Why You Should Track Your Workouts
This whiteboard session will truly shine some light into being organized with your training, what do I mean by that? Tracking your workouts! When I first started training I had no idea what I was doing in regards to a routine, I had an “idea” of what I had done last time and just went workout from workout trying to remember what I had done from the previous workout in regards to the used weights, as well as the rep and set scheme.
There is a huge issue with this, many of us including myself can hardly remember what we ate last week, let alone remember all of these numbers. Today I alternate and try a bunch of different forms of using ways to track my progress overtime. These have included: log books, apps, google excel. Having these tools at hand will help ensure that you know exactly what you did the last time you step into the gym?
Why is this good? Well for one you can track you progress and be sure of it. Many times when I wasn’t tracking my workouts, the progress was very slow if not plateaued at a given time, more than likely I was doing the same weights over time and time again or even possibly less weight, reps or sets. When I built myself a routine that I tracked I started to see the most progress I have seen in months, both in strength and size. No longer was I playing the guessing game, I was organized and hitting my rep, weight and set goals every time I stepped into the gym. Sometimes I used to go based on how I felt and would coast, and not push my capabilities, this no longer happened.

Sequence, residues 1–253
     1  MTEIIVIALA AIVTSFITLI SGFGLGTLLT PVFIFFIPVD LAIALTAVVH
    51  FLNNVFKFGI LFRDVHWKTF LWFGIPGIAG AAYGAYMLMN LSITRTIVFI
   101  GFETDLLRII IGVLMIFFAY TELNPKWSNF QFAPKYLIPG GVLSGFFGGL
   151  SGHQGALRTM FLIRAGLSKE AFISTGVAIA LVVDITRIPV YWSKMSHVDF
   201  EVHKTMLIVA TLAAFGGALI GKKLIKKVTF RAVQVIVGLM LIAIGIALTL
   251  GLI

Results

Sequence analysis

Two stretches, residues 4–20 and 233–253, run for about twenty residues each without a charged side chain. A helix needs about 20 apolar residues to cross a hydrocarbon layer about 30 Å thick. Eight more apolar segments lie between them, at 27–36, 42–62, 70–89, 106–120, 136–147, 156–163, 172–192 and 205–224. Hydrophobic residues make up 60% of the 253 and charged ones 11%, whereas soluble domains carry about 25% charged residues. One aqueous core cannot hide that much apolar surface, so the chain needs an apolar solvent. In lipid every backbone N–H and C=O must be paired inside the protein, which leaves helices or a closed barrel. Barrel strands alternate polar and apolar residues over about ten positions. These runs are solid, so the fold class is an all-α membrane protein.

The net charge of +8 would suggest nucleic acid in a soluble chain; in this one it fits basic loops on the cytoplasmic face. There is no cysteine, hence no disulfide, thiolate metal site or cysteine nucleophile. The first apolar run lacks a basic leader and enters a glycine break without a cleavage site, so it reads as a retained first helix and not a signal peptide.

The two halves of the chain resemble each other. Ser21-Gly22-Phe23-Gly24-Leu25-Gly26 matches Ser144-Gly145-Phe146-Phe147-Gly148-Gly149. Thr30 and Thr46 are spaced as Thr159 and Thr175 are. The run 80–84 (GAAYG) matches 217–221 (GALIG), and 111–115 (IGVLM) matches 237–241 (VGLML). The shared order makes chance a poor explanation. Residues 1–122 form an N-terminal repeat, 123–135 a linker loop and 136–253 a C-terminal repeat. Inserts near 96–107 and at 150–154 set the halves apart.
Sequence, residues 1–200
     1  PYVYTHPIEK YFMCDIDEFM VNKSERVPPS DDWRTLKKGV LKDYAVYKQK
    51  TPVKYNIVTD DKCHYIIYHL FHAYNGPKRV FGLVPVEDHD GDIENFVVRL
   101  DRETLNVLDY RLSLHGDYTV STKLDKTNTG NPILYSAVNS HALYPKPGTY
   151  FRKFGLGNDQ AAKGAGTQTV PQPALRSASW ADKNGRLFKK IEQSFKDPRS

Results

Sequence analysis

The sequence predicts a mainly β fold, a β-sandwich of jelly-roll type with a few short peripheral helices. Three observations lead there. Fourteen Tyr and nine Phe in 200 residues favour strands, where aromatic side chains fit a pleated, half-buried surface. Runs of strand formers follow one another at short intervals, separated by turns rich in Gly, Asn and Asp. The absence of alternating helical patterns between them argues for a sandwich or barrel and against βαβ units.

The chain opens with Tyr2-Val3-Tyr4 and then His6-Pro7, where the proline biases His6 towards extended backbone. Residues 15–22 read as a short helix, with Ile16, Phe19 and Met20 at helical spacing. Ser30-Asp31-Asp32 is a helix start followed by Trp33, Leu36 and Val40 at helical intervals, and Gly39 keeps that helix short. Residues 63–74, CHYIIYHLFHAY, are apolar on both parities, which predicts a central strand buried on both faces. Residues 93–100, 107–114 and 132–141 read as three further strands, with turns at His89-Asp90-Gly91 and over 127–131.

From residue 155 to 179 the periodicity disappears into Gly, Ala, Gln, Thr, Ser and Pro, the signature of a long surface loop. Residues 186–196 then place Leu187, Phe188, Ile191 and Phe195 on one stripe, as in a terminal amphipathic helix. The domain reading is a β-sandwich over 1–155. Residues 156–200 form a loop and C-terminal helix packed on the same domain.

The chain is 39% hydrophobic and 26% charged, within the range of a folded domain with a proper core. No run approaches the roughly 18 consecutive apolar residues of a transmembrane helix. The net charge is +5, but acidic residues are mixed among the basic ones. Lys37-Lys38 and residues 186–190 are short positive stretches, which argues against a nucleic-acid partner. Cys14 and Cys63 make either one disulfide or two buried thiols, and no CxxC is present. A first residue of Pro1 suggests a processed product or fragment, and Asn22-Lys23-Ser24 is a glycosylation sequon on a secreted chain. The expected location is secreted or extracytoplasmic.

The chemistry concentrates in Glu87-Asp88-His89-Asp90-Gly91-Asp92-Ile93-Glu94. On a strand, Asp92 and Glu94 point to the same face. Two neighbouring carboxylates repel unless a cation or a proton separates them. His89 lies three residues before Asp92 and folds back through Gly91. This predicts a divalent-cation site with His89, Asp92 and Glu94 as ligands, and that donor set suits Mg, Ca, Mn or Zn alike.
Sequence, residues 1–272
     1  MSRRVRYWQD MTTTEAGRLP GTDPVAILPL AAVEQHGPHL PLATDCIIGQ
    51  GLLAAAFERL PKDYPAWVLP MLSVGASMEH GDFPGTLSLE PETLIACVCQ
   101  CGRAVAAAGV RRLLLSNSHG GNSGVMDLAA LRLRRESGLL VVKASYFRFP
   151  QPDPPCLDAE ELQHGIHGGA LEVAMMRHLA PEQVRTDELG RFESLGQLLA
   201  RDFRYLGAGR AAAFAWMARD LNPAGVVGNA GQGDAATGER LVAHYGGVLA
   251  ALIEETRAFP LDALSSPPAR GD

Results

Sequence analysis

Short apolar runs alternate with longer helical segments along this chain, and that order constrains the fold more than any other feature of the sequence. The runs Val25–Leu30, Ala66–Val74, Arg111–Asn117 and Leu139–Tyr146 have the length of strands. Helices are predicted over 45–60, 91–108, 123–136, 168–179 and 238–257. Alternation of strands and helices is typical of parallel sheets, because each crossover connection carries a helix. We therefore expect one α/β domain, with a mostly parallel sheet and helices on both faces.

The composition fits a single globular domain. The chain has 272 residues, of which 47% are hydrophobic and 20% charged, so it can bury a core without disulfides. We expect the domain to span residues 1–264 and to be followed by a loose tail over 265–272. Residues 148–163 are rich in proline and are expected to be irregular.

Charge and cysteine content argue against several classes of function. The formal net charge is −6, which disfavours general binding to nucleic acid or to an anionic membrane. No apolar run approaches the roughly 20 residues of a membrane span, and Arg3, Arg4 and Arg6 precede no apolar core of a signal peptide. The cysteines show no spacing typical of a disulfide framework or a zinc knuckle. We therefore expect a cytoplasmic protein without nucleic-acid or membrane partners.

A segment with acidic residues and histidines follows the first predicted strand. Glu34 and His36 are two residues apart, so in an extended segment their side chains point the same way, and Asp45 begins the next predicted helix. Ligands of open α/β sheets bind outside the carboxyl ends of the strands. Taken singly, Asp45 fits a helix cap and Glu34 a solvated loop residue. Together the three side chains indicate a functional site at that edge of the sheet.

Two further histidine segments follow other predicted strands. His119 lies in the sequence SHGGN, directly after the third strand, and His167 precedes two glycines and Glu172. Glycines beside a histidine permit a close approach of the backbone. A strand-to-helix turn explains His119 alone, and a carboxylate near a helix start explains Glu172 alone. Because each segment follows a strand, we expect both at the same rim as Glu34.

Another great thing to include in your logged workouts would be a section for RPE, what is RPE? Rate of perceived exertion, essentially it is how hard you felt the exercise is. What is the reason you should be using this? Having an RPE section in your workout log sheet is to show you how an exercise may be getting easier over time and that it may be time to add more weight to that exercise, or if the RPE keeps getting higher and higher overtime, and you haven’t changed anything. This is possibly a sign that you are overtraining, and not recovering from workout to workout, maybe having to leave more time for recovery, or to lower the volume to a tolerable amount and reassess from there.
Today's goal for the whiteboard session was to show you the importance of tracking that workout, seeing your progress and being able to really push yourself!